The U.S. Food and Drug Administration (FDA) has issued a Class I recall regarding the Philips Respironics V60 and V60 Plus Ventilator models. The recall notice issued June 7 states that the use of these devices could result in serious injury or death.

The Philips Respironics V60 and V60 Plus ventilators are medical devices that are supposed to assist patients in breathing. Ventilators are used on adults and children in the event of respiratory failure, chronic respiratory insufficiency, or obstructive sleep apnea. The FDA states that ventilators are medical equipment most commonly used in hospitals and designed to be operated under the supervision of medical professionals.

Philips has already faced a recall of these models in March after it was discovered that some of the V60 and V60 Plus units were assembled with a faulty adhesive, leading to power failure.

In the current recall, the FDA explains that “Philips Respironics is recalling all V60 and V60 Plus ventilators because an internal power fluctuation may cause the ventilator to shut down unintentionally either with or without any visible or audible alarms.” The nature of the power fluctuations causes a reboot of the backup alarm controller, which can shut down the ventilator completely without prior warning.  

The recall targets 49,680 V60 devices and 6,991 V60 Plus devices for a total of 56, 671 devices manufactured and distributed between May 1, 2009, and December 22, 2021. The FDA warns that should these affected devices be left in circulation, they may stop functioning without alarm, leading patients to suffer from oxygen deprivation, a potentially fatal complication. According to the FDA, “As of April 14, 2022, there have been reports of 4 injuries and 1 death associated with the use of the recalled devices.”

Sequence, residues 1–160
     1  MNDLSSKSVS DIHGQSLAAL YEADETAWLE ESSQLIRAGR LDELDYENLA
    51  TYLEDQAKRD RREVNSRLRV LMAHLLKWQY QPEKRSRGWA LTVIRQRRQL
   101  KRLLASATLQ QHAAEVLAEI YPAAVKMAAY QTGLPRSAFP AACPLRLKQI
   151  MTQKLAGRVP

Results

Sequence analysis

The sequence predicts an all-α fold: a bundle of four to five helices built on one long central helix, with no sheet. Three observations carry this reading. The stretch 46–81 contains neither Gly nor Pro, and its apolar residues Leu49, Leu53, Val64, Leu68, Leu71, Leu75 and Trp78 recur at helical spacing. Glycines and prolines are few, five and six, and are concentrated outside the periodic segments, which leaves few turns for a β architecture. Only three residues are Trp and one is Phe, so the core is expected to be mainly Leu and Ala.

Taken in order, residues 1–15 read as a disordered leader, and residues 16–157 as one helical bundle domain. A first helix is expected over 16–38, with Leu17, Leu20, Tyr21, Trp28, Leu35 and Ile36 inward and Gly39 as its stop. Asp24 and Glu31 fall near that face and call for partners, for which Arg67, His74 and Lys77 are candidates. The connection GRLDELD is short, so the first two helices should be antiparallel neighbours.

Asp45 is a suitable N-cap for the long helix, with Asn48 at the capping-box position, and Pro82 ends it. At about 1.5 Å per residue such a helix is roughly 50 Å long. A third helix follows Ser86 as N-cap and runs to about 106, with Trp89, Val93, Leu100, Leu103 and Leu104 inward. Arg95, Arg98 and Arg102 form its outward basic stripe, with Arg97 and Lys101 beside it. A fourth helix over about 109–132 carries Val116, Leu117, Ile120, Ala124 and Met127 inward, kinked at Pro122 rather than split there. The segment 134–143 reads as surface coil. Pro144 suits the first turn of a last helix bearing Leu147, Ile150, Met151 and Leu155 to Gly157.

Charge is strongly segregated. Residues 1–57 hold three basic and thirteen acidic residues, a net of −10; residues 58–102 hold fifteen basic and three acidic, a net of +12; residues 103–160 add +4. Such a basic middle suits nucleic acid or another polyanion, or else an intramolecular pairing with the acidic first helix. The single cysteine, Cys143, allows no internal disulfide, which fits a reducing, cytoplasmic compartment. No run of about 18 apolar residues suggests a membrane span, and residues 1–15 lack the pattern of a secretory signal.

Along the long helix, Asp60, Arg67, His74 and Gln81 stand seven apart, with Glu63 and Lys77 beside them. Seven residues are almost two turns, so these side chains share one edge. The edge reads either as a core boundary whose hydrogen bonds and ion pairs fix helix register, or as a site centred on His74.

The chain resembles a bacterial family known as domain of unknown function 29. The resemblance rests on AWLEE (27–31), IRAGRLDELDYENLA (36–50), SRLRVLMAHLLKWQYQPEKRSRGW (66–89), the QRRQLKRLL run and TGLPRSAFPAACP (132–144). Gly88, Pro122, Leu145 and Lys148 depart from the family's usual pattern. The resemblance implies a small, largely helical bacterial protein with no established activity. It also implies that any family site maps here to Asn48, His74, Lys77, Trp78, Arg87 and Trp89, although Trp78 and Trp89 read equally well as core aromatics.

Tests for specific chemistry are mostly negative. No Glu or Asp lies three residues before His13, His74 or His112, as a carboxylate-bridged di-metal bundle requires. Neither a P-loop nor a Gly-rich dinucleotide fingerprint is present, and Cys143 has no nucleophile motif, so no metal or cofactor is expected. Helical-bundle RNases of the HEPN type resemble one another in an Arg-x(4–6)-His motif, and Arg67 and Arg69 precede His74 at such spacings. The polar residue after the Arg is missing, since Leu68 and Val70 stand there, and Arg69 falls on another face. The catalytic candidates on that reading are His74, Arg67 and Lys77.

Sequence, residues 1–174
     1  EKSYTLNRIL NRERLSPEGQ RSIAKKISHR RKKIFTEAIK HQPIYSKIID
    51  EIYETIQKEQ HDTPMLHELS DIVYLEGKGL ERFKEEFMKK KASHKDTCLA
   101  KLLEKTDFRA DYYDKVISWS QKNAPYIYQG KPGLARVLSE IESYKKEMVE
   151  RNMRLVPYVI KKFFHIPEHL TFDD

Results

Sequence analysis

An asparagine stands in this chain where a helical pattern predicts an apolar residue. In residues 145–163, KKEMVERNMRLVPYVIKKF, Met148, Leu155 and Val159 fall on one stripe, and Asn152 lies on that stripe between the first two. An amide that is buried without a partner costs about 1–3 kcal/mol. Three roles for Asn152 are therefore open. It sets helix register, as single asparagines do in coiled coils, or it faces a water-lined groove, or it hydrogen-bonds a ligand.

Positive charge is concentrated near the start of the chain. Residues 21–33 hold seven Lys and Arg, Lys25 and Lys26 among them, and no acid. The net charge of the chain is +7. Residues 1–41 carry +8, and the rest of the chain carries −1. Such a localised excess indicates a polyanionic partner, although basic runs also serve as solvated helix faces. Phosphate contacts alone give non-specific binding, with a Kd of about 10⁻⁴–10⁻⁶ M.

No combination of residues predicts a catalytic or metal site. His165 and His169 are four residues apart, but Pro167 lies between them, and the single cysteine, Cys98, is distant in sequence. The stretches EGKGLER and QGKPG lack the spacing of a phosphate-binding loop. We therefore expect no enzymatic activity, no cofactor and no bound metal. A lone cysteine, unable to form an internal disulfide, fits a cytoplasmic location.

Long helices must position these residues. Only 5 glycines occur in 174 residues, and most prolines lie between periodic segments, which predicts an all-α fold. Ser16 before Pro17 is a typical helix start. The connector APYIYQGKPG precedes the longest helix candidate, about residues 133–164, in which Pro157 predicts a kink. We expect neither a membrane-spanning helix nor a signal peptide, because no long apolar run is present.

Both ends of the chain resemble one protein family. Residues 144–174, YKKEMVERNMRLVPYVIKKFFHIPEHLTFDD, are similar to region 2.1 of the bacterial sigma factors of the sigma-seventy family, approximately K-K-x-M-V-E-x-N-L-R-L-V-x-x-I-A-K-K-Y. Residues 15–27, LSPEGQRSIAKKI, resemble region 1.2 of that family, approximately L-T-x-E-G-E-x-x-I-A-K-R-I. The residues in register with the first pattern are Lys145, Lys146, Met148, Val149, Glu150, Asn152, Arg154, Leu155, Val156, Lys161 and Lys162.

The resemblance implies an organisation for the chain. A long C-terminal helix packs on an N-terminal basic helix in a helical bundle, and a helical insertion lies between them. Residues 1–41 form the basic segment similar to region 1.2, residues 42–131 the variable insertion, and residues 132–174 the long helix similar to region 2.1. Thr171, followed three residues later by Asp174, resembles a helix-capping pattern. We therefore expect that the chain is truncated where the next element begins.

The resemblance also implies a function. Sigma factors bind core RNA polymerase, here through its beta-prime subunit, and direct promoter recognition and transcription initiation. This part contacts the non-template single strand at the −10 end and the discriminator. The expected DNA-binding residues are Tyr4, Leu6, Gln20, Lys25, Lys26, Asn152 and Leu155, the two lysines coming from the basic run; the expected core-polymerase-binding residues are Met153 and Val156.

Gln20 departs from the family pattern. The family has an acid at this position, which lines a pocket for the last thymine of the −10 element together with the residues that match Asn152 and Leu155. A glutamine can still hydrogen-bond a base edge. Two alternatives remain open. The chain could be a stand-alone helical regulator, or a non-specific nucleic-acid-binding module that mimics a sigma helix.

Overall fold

In addition to the recall notice, the FDA has included some steps that can be taken to increase patient safety in the event that an affected device is being used to treat patients. These safety steps include:

  • Connecting the affected device to an external nurse call or remote alarm system that has been verified to work.
  • Immediately responding to high-priority alarms and responding quickly to low-quality alarms from the device.
  • Installing an oxygen monitor or analyzing device.
  • Providing pulse oximetry in order to inform staff of changes in the patient's condition. 
  • Ensuring an alternative ventilation device is always immediately accessible.

Following these steps may help keep patients stable while a replacement unit is on its way.

Philips Respironics has received a large amount of public attention over the safety of its ventilators. In 2021, Philips faced a class action lawsuit over health complications caused by foam degradation in its continuous positive airway pressure (CPAP) machines. In May, the FDA released a guide to recalled Philips Respironics devices to help guide consumers.